America Declares War on Polio and Saves Children’s Lives


This guest post was contributed by Phil Kadner, an award-winning Chicago journalist.

By the thousands American parents volunteered their children in what would eventually be called the country’s first national vaccination campaign.

In 1954, in the largest field trial ever attempted, more than 600,000 school children stuck their arms out to be injected. About 400,000 would get Dr. Jonas Salk’s polio vaccine and 200,000 a placebo.

It is nearly impossible to understand today the terror felt by families in the first half of the 20th century by infantile paralysis, more commonly called polio today. Hundreds of young children died annually, with tens of thousands more paralyzed for life when the disease attacked their nervous systems.

President Franklin Roosevelt, the most famous victim, made defeating the disease a national priority, and millions of Americans donated money to the March of Dimes in an effort to eradicate the ailment.

Dr. Jonas Salk’s vaccine proved to be 70 to 80 percent effective in its initial trial, which involved 150,000 volunteer nurses and doctors across the country and public health departments from 38 states.

So impressed was Congress by the results that it passed the Polio Assistance Act of 1955. Signed by President Dwight Eisenhower, this law provided a $30 million grant to assist states in vaccinating children, with $25 million to be used in purchasing vaccine and $5 million covering the cost of planning and conducting immunization programs. The federal government implemented a plan to have the vaccine produced by six licensed pharmacies.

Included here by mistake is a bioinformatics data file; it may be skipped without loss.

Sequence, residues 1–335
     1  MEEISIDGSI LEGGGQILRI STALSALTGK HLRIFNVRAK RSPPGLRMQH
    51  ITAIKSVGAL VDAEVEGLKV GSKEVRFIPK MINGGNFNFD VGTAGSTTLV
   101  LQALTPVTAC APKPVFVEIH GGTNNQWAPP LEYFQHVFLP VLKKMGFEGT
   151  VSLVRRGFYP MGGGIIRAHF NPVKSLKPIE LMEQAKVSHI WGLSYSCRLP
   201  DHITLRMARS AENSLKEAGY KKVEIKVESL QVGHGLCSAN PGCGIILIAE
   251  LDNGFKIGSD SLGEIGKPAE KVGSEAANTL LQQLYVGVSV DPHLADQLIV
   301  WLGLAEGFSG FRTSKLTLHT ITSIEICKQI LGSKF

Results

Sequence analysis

In 1954, 1,300 Americans were killed and more than 18,000 crippled by polio. Within a year of the national vaccination program’s launch, that number was cut by 50 percent.

By the 1960s the number of polio cases causing paralysis had gone from an average of 15,000 a year in the U.S. to 100, and by the 1970s that total was reduced to 10 a year. Finally, the Center for Disease Control would declare that not a single case of polio had originated in the United States.

Called “The Greatest Public Health Experiment in History,” the vaccinations had their flaws. One lab accidentally included a live virus in its vaccines infecting 200 people with polio and killing 11.

Yet, remarkably, after a brief halt in the program, people continued to send their children for inoculations.

In the early 1960s, Dr. Albert Sabin developed a live virus oral vaccine distributed in public schools throughout the country. Once again, Americans volunteered for the program, putting their trust in science and their government leaders.

It should be noted that after inoculating 100 adults in his initial trial, Sabin injected himself, his wife and his children, as well as his neighbors, with the vaccine.

As the largest donor to the Global Polio Eradication Initiative, the U.S. government has since helped reduce the number of polio cases worldwide from 350,000 in 1988 to only a handful of cases in three countries in 2016.

From 1,000 children in the world being paralyzed every day, government efforts have practically eradicated the disease.

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